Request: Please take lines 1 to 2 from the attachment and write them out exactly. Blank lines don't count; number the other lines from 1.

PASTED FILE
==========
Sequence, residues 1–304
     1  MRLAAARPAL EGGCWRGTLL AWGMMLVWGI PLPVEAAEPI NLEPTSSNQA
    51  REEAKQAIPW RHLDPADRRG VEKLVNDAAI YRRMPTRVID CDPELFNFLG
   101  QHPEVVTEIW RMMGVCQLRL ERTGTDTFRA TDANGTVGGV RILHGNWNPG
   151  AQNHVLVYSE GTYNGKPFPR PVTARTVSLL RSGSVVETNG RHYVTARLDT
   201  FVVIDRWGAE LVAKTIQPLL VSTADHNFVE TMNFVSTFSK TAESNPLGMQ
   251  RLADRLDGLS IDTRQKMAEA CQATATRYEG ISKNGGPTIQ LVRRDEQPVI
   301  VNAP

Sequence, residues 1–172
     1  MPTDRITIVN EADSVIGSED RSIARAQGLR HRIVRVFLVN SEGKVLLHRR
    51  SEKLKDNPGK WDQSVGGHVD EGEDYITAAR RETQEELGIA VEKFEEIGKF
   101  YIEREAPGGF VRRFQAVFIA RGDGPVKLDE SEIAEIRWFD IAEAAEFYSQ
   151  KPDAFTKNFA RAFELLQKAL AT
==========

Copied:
Sequence, residues 1–304
     1  MRLAAARPAL EGGCWRGTLL AWGMMLVWGI PLPVEAAEPI NLEPTSSNQA